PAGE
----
In Thomas King’s short story “Borders,” the twelve-year-old narrator witnesses his mother’s staunch commitment to maintaining her identity as a Blackfoot. The narrator and his mother end up spending a few days in limbo between the American and Canadian borders, which is symbolic of the discrepancy between their cultural identities and the bureaucratic standards that are being forced upon them. King is trying to point out that there is little to no space left for those who hold their connection to their heritage as something more important than an (arbitrary) political boundary.
As we have often talked about in class, humor is a tool that can be used to broach a subject or issue that may otherwise be uncomfortable to discuss in a straightforward manner. There is certainly nothing funny about the border guards’ displaying their dwindling respect for the narrator and his mother’s Blackfoot heritage. Even then, it is evident that the guards’ sudden “mercy” towards the mother is only for show after the television crews show up.
This story is not laugh out loud funny, but there is still a comic element to it that falls in line with incongruity theory of humor. There is something absurd about the mother’s interaction with the first border guard. After the mother asserts that her citizenship is truly Blackfoot, the guard turns away and then back again in an attempt to erase the previous conversation and start anew, even saying “Morning, ma’am” all over again.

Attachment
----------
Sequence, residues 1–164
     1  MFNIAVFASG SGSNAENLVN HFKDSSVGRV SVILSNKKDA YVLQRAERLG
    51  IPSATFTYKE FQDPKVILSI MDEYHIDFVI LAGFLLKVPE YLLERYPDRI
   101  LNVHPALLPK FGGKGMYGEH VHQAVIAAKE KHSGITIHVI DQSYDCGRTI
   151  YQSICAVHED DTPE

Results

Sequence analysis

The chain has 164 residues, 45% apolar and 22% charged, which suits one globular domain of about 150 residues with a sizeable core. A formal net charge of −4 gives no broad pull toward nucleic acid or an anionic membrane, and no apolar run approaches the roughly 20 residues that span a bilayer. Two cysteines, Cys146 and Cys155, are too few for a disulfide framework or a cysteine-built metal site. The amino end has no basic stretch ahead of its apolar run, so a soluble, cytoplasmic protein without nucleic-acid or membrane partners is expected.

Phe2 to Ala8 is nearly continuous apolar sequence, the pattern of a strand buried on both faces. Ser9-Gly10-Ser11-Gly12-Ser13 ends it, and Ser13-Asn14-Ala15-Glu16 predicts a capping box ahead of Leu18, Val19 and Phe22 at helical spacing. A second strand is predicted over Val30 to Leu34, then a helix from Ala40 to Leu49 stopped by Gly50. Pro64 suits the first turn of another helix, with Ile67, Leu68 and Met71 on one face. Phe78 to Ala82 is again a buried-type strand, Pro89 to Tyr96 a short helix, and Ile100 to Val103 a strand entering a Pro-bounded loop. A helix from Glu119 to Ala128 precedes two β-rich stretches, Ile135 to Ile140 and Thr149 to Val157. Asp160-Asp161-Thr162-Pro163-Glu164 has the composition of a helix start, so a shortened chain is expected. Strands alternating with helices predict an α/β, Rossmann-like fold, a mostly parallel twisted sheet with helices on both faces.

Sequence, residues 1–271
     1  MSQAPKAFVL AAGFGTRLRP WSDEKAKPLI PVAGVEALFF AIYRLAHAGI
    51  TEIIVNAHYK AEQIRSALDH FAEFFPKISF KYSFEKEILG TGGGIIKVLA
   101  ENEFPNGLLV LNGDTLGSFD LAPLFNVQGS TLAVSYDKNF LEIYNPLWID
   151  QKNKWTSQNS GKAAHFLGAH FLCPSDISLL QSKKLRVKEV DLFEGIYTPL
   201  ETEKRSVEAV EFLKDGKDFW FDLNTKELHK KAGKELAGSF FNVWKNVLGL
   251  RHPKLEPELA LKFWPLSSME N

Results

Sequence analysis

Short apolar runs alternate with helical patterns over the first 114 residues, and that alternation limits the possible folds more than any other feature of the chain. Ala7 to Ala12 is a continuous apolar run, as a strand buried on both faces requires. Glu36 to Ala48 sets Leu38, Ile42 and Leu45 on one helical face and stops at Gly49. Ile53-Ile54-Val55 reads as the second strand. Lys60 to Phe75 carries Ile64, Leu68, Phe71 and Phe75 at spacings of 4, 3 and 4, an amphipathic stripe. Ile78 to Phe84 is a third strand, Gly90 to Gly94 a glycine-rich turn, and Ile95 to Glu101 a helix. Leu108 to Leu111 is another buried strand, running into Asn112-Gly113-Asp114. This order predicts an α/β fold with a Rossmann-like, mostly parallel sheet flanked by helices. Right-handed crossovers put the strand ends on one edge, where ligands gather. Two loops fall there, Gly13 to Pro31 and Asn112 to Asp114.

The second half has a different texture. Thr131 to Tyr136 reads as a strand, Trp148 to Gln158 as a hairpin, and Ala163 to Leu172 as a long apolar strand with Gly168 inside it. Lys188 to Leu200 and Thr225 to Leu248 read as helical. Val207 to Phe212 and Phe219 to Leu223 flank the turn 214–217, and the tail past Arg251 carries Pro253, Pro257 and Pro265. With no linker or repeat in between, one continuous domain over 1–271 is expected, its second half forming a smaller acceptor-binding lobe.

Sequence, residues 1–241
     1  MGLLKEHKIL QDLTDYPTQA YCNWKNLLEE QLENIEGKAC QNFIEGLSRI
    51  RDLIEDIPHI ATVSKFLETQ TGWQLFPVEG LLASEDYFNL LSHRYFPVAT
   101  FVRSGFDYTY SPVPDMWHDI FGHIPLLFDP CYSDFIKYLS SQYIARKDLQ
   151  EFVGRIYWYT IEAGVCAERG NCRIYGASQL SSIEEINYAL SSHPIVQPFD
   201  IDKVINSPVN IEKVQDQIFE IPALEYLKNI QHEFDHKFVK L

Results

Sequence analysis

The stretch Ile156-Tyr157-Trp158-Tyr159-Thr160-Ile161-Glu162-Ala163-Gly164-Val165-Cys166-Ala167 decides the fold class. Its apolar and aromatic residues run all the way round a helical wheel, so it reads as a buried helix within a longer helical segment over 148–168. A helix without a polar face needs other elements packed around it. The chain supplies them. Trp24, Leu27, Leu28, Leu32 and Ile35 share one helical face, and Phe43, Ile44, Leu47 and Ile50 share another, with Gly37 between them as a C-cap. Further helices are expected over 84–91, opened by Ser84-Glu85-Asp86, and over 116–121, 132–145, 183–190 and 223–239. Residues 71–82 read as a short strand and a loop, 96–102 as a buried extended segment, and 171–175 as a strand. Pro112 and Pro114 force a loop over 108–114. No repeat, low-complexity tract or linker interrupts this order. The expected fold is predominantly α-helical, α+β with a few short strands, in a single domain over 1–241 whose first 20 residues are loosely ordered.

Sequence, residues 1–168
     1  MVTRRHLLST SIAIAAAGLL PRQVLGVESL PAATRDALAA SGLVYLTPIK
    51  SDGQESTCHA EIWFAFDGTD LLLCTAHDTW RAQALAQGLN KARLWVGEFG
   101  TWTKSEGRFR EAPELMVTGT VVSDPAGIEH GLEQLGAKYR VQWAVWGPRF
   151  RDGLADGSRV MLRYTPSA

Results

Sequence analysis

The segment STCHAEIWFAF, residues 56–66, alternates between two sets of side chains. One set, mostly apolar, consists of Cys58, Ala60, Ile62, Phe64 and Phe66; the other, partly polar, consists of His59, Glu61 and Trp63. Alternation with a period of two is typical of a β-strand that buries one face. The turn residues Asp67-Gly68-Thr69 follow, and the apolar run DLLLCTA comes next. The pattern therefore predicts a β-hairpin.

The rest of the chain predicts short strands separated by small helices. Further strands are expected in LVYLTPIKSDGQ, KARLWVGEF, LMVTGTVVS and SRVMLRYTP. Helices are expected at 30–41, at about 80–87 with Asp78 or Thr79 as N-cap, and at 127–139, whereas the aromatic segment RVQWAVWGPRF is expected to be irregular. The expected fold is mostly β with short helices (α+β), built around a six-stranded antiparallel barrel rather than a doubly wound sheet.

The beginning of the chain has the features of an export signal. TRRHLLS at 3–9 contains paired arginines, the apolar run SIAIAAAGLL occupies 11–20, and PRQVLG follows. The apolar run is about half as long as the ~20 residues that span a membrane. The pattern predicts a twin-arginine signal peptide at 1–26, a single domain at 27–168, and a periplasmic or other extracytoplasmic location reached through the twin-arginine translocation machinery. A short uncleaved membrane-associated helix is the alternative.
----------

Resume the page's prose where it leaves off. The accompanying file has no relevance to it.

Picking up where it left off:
Although the mother’s motivation is a serious one that leaves the story tinged with a slight sadness, there is also something genuinely absurd about the idea of a person infinitely driving back and forth between two border stops. It could convincingly have been the plot to an episode of Seinfeld or a deleted scene from National Lampoon’s European Vacation, but because of the cultural and political conflict bubbling under the surface, the takeaway of “Borders” becomes something different. It forces the audience to pause and reflect instead of just chuckling and moving on. Whether the effects of “Borders” and other stories like it are the indicators of a burgeoning shift towards social change is something that remains to be seen, but at least it encourages the beginning of a conversation.